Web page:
Ciphertexts produced by a classical cipher (and some modern ciphers) always reveal statistical information about the plaintext, which can often be used to break them. After the discovery of frequency analysis perhaps by the Arab mathematician and polymath, Al-Kindi (also known as Alkindus), in the 9th century, nearly all such ciphers became more or less readily breakable by any informed attacker. Such classical ciphers still enjoy popularity today, though mostly as puzzles (see cryptogram).
Essentially all ciphers remained vulnerable to cryptanalysis using this technique until the development of the polyalphabetic cipher, most clearly by Leon Battista Alberti around the year 1467, though there is some indication that it was known to Al-Kindi. Alberti's innovation was to use different ciphers (i.e., substitution alphabets) for various parts of a message (perhaps for each successive plaintext letter at the limit). He also invented what was probably the first automatic cipher device, a wheel which implemented a partial realization of his invention. In the polyalphabetic Vigenère cipher, encryption uses a key word, which controls letter substitution depending on which letter of the key word is used. In the mid 1800s Charles Babbage showed that polyalphabetic ciphers of this type remained partially vulnerable to extended frequency analysis techniques.
Although frequency analysis is a powerful and general technique against many ciphers, encryption has still been often effective in practice; many a would-be cryptanalyst was unaware of the technique. Breaking a message without using frequency analysis essentially required knowledge of the cipher used and perhaps of the key involved, thus making espionage, bribery, burglary, defection, etc., more attractive approaches to the cryptanalytically uninformed. It was finally explicitly recognized in the 19th century that secrecy of a cipher's algorithm is not a sensible nor practical safeguard of message security; in fact, it was further realized that any adequate cryptographic scheme (including ciphers) should remain secure even if the adversary fully understands the cipher algorithm itself. Security of the key used should alone be sufficient for a good cipher to maintain confidentiality under an attack. This fundamental principle was first explicitly stated in 1883 by Auguste Kerckhoffs and is generally called Kerckhoffs' principle; alternatively and more bluntly, it was restated by Claude Shannon, the inventor of information theory and the fundamentals of theoretical cryptography, as Shannon's Maxim—'the enemy knows the system'.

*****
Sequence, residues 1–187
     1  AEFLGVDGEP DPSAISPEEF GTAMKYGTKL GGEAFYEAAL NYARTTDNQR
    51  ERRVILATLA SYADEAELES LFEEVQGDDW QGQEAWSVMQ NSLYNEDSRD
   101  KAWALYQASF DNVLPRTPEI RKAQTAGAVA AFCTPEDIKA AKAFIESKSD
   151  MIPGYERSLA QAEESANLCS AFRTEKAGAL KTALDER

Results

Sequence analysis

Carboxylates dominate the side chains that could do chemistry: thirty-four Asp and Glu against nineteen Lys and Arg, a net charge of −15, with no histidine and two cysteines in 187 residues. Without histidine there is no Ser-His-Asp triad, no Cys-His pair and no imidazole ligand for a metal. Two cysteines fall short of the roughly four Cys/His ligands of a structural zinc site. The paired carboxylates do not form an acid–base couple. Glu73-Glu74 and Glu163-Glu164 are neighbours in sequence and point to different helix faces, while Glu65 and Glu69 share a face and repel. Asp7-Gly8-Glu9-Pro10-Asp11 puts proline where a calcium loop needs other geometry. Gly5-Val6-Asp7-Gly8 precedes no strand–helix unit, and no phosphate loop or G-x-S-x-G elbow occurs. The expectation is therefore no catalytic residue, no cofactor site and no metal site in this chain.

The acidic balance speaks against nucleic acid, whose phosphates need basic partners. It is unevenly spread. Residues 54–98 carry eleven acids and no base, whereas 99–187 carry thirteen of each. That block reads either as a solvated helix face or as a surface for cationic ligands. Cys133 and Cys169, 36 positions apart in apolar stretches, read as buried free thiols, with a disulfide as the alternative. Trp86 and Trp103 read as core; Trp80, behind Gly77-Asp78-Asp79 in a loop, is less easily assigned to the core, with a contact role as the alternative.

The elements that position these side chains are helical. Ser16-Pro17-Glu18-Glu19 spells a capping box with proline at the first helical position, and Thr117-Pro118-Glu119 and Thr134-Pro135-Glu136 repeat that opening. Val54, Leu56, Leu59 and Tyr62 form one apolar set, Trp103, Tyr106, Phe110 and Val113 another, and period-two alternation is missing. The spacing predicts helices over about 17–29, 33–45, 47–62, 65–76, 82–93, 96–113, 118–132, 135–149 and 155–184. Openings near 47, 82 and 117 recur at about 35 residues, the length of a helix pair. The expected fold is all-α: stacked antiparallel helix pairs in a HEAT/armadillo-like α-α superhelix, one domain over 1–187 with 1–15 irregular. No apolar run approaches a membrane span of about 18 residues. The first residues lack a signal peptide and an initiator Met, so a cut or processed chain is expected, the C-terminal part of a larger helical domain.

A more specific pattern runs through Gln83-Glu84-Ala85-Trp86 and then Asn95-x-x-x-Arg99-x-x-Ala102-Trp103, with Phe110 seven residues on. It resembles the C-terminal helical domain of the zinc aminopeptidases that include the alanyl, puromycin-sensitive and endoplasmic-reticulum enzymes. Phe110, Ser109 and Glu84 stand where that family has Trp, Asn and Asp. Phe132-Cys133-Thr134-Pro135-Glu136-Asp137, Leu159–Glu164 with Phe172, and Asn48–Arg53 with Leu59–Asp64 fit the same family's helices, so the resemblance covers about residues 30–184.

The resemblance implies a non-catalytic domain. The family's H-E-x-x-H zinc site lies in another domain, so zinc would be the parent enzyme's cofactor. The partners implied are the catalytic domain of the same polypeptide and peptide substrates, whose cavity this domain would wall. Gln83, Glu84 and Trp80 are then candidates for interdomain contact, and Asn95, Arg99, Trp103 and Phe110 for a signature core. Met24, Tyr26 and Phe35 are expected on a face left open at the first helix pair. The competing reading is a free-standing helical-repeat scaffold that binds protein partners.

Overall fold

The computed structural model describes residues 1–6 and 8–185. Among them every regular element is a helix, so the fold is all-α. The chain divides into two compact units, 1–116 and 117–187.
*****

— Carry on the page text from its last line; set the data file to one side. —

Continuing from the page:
Different physical devices and aids have been used to assist with ciphers. One of the earliest may have been the scytale of ancient Greece, a rod supposedly used by the Spartans as an aid for a transposition cipher (see image above). In medieval times, other aids were invented such as the cipher grille, which was also used for a kind of steganography. With the invention of polyalphabetic ciphers came more sophisticated aids such as Alberti's own cipher disk, Johannes Trithemius' tabula recta scheme, and Thomas Jefferson's multi-cylinder (not publicly known, and reinvented independently by Bazeries around 1900). Many mechanical encryption/decryption devices were invented early in the 20th century, and several patented, among them rotor machines—famously including the Enigma machine used by the German government and military from the late '20s and during World War II. The ciphers implemented by better quality examples of these machine designs brought about a substantial increase in cryptanalytic difficulty after WWI.
The development of digital computers and electronics after WWII made possible much more complex ciphers. Furthermore, computers allowed for the encryption of any kind of data representable in any binary format, unlike classical ciphers which only encrypted written language texts; this was new and significant. Computer use has thus supplanted linguistic cryptography, both for cipher design and cryptanalysis. Many computer ciphers can be characterized by their operation on binary bit sequences (sometimes in groups or blocks), unlike classical and mechanical schemes, which generally manipulate traditional characters (i.e., letters and digits) directly. However, computers have also assisted cryptanalysis, which has compensated to some extent for increased cipher complexity. Nonetheless, good modern ciphers have stayed ahead of cryptanalysis; it is typically the case that use of a quality cipher is very efficient (i.e., fast and requiring few resources, such as memory or CPU capability), while breaking it requires an effort many orders of magnitude larger, and vastly larger than that required for any classical cipher, making cryptanalysis so inefficient and impractical as to be effectively impossible. Alternate methods of attack (bribery, burglary, threat, torture, ...) have become more attractive in consequence.